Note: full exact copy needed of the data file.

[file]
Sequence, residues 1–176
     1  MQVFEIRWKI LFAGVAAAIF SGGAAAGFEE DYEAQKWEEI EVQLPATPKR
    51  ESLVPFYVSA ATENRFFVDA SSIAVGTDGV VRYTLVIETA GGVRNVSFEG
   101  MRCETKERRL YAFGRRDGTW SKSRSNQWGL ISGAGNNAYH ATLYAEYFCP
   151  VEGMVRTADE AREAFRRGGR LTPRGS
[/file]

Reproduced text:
Sequence, residues 1–176
     1  MQVFEIRWKI LFAGVAAAIF SGGAAAGFEE DYEAQKWEEI EVQLPATPKR
    51  ESLVPFYVSA ATENRFFVDA SSIAVGTDGV VRYTLVIETA GGVRNVSFEG
   101  MRCETKERRL YAFGRRDGTW SKSRSNQWGL ISGAGNNAYH ATLYAEYFCP
   151  VEGMVRTADE AREAFRRGGR LTPRGS